Iranian banks 'have $38 billion loans in arrears'
Tehran, October 10, 2009
The Iranian banking system has loans worth $38 billion, almost twice its amount of capital, in arrears, a senior official said in remarks published on Saturday, describing it as a 'serious problem'.
Mostafa Pourmohammadi, head of the National Inspectorate Organization, blamed 'defective' legislation as well as 'lack of adequate attention' by the banks themselves for the situation.
In comments carried by the Hayat-e No daily as well as other Iranian media, he did not single out any individual banks.
Most banks in Iran, the world's fifth-largest crude exporter, are state-owned, even though it has started to privatise some of them.
Iranian state banks are often tasked by the government to give low-interest loans to companies and other sectors to help boost economic development. 'There are more than 38 trillion tomans (about $38 billion) in debt arrears to the country's banking system when its current capital stands at less than 20 trillion tomans,' Pourmohammadi, a former interior minister, said.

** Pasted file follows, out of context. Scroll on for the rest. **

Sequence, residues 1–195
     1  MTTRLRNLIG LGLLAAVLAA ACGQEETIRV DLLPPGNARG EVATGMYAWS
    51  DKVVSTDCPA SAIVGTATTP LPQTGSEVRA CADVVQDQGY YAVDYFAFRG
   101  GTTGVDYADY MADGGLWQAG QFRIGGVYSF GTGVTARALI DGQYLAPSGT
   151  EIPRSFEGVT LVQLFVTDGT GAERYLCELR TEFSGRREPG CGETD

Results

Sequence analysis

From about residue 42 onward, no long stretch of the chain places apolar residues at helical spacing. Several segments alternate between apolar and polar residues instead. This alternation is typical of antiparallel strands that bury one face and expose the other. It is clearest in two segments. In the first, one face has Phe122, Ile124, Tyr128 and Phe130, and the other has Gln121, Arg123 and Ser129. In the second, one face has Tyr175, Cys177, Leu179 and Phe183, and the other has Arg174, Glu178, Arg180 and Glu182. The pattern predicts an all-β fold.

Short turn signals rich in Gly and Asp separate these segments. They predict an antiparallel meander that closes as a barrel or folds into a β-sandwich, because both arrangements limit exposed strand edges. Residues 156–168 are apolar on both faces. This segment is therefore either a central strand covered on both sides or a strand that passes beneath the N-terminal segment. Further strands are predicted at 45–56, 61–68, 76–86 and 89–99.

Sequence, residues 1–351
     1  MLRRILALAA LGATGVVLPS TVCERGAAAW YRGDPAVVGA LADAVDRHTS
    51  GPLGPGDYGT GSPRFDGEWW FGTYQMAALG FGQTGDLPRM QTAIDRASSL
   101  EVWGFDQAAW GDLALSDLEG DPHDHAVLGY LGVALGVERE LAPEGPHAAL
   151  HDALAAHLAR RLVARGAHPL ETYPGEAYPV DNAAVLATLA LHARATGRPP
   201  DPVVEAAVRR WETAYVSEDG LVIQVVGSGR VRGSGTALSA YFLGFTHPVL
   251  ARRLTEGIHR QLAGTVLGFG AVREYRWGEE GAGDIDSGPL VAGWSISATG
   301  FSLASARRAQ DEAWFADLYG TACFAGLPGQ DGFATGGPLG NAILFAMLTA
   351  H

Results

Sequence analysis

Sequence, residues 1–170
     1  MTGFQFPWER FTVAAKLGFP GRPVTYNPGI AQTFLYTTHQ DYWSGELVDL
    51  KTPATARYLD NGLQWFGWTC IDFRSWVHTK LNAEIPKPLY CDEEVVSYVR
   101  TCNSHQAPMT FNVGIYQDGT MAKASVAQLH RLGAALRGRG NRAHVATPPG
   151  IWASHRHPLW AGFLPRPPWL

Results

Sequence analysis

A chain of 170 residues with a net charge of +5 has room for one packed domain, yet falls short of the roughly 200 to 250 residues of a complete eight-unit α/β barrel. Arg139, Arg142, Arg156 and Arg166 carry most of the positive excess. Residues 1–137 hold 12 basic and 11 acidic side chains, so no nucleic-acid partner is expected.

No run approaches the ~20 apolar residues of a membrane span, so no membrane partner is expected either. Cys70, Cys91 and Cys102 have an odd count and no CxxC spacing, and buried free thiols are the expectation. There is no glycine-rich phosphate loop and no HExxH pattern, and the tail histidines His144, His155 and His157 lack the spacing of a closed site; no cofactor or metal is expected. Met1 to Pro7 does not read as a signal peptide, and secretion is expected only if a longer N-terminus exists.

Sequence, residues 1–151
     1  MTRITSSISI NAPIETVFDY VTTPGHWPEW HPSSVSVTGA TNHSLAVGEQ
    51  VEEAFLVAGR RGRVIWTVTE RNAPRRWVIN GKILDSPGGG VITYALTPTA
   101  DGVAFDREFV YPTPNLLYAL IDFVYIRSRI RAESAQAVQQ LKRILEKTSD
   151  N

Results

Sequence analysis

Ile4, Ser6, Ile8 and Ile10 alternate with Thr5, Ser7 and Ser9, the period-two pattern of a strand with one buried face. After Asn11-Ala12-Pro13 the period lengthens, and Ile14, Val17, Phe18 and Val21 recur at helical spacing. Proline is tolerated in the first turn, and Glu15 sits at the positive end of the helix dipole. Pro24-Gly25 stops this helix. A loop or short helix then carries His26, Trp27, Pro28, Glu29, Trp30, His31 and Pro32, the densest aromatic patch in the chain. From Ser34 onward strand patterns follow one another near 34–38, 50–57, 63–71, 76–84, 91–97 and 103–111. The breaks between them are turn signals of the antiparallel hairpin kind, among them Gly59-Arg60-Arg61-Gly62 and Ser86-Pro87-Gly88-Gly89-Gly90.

'This is regarded as a serious problem which the National Inspectorate Organization has begun to deal with and has reported that to the relevant officials,' he said.
He said his organisation had put forward proposals on how to deal with the situation, without giving details, and urged parliament to help find a solution. 'Some of the duties the government entrusts the banking system are beyond its capacity,' Pourmohammadi said.
'(The problem) also stems from the lack of adequate attention by the banks in this connection and we regard the banks as responsible and we call on them to act more seriously towards their arrears,' he added.
Like other major oil producers, Iran reaped windfall revenue when crude prices were soaring to hit almost $150 per barrel in mid-2008, but the price has since declined to about $70 now.
President Mahmoud Ahmadinejad, re-elected in a disputed June poll, was often criticised during his first four-year term of profligate spending of petrodollars and for his policies of keeping interest rates below the level of inflation.-Reuters